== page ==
The 20-pounders, being more nearly allied to light artillery, were moved down the mountain into Powell's Valley during the night, but not without difficulty, for in many instances would they have been whirled down the rocks but for the constant care and tugging at the ropes by all the men we had.
Foster's First Wisconsin Battery, which had been obliged to wait for an ammunition train to precede it up the mountain, started at 5 p.m., and after working hard through the night, without one moment's rest, and part of the time in almost total darkness (the moon being eclipsed), without rations or forage for the last eighteen hours, arrived in Powell's Valley without serious injury, only overturning a battery wagon and breaking its trail, at 3.30 o'clock a.m. on the 12th of June, 1862. This was the most difficult part of the mountain to overcome that we had encountered. The road was winding, narrow, very stony, and steep, and all the entire descent very sideling, so much so that we were constantly in imminent danger of being precipitated down the almost perpendicular banks over jagged rocks for several hundred feet, in which case it would have been sure death to man or beast.
On the 12th of June we were ordered to countermarch, recross the mountain, and move to Williamsburg, Ky. When this order was made know to the men they desired rather to shed their blood in Tennessee and leave their bones bleaching in Powell's Valley than to retrace their steps over the mountain; but like good soldiers they sadly but resolutely put their shoulders to the wheels literally, and commenced the ascent of the mountain upon the southern side. The 20-pounder Parrott guns were put in the advance and started at 10 o'clock. The road had become much worn and rutted, loose stones fallen into the track and filled it in places, which had to be removed, and which rendered it almost impossible for the horses to get a foothold; but after eleven hours' hard labor the task was accomplished, and at 1 o'clock June 13 we camped at the foot of the mountain on the northern side.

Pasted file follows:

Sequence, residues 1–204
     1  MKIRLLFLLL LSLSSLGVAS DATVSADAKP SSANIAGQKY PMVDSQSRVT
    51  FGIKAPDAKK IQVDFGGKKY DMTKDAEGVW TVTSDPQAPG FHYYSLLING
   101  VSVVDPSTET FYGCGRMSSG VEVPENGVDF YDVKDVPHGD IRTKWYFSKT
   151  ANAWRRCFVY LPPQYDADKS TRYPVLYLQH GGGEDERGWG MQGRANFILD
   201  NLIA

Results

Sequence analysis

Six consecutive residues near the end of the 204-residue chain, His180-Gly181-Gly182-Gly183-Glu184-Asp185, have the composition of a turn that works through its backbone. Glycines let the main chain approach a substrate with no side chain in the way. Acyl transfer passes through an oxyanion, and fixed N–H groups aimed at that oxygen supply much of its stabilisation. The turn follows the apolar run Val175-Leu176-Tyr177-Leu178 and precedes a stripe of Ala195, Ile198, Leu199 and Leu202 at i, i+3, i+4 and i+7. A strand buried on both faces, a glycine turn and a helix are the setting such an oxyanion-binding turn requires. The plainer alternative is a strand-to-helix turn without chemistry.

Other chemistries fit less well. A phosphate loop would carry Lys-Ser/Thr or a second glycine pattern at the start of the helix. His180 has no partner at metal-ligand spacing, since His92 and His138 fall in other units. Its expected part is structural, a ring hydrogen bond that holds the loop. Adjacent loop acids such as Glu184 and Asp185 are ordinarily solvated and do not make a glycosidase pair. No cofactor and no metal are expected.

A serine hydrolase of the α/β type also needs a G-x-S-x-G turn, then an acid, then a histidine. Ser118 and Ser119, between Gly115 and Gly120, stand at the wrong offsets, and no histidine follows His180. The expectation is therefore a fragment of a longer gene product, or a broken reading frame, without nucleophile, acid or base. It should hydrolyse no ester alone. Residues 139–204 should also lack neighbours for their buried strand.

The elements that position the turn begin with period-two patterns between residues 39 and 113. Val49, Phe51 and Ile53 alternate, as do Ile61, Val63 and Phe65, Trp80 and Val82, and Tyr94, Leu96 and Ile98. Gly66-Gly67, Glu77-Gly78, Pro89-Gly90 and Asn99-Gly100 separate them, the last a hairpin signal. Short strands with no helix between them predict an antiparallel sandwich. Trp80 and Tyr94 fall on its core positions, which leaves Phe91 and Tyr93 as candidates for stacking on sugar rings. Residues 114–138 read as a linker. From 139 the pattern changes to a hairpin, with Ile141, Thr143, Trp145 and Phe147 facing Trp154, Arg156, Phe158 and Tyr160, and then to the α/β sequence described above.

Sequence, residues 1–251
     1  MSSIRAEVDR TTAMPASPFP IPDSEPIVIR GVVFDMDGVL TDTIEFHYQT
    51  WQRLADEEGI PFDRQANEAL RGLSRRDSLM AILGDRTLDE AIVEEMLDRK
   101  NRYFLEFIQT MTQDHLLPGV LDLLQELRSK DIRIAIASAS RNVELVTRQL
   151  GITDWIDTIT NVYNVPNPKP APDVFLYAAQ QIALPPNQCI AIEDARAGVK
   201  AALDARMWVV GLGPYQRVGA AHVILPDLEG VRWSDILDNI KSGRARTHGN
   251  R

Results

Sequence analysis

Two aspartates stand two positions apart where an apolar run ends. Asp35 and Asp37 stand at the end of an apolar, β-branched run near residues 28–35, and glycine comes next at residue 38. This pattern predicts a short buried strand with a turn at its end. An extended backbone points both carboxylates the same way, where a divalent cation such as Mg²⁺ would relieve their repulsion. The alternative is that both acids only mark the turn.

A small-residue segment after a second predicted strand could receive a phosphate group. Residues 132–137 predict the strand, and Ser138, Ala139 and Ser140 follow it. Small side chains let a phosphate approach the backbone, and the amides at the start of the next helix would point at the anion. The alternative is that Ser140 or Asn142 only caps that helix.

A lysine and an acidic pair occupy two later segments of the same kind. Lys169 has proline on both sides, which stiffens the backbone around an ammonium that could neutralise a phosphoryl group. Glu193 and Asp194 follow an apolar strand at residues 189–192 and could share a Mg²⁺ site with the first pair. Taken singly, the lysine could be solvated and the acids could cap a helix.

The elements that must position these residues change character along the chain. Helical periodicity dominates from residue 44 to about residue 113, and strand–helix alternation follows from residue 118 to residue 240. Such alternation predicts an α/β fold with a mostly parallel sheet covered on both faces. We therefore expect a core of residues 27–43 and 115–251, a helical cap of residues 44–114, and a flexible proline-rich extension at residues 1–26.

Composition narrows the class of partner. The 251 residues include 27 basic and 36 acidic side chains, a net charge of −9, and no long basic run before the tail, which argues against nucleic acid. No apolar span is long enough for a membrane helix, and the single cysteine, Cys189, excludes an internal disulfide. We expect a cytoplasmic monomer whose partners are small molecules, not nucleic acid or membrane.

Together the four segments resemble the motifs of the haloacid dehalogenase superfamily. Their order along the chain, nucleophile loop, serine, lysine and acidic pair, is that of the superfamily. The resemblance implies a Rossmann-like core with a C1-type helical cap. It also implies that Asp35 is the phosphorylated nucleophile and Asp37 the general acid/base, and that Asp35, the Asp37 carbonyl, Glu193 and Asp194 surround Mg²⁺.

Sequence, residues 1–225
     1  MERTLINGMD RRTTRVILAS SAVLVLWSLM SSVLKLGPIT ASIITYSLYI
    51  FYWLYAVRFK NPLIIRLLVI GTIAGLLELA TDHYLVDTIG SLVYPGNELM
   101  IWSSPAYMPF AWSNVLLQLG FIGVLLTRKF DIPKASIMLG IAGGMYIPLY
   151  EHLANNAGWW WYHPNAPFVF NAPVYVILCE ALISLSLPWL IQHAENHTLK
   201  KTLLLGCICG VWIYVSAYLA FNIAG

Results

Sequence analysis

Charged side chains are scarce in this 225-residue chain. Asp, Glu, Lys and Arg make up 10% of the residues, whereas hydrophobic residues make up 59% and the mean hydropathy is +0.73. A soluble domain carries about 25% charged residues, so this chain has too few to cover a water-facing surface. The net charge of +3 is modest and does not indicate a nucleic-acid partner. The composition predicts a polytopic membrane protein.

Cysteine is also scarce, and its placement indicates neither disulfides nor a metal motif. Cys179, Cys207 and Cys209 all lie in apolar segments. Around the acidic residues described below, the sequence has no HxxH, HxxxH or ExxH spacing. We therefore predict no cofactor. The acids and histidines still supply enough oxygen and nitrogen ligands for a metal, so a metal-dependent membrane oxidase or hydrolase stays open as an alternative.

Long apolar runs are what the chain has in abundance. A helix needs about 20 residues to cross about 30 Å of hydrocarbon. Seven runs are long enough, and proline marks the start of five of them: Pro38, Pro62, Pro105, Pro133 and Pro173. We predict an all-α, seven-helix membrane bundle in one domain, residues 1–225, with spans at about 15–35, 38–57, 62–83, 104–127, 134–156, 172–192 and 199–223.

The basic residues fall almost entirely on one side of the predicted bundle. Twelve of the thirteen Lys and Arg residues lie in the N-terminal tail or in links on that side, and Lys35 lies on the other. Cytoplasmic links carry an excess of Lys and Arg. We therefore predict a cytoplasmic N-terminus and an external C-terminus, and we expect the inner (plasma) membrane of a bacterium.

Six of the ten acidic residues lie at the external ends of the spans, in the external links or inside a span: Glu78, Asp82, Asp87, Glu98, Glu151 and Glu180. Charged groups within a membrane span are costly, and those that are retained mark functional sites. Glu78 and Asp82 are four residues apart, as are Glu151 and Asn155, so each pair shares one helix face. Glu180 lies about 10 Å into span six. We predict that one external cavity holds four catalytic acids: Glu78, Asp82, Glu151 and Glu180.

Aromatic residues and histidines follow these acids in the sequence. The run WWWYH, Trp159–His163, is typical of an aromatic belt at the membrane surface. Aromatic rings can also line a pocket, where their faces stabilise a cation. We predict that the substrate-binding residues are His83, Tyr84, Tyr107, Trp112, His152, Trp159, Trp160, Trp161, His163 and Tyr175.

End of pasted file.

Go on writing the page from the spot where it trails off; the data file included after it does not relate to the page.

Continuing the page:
At daylight the siege battery started upon its march, and after marching 7 miles was halted for further orders. Foster's battery followed the siege battery up the mountain and arrived at its summit at midnight, and then halted the remainder of the night, and before they had commenced the descent fortunately received orders to remain where they then were. Wetmore's Ninth Ohio Battery on the 12th were ordered to accompany a forage train into Powell's Valley, and did not return in time to begin the ascent of the mountain that night, and on the morning of the 13th were ordered to remain where they were in Powell's Valley, thus saving them the arduous labor of recrossing the mountain.
In the evening of the 13th of June orders were received to march back to Powell's Valley, upon hearing which the soldiers fairly yelled with delight, and seemed so anxious to return that they could hardly wait for morning to come. Foster's battery, being upon the top of the mountain, had only to descend the southern slope, and Wetmore's Ninth Ohio Battery, being in the valley, had only to remain there, whereas the siege battery, 12 miles on its road to Williamsburg, had both to climb and descend the mountain again. This battery reached the foot, on the northern side of the mountain, at 3 o'clock p.m. of the 14th, and remained there the balance of the day for the purpose of shoeing horses.
At 10 o'clock, June 15, the siege battery started up the hill, and at 9.15 p.m. reported all down the mountain safe in Powell's Valley. The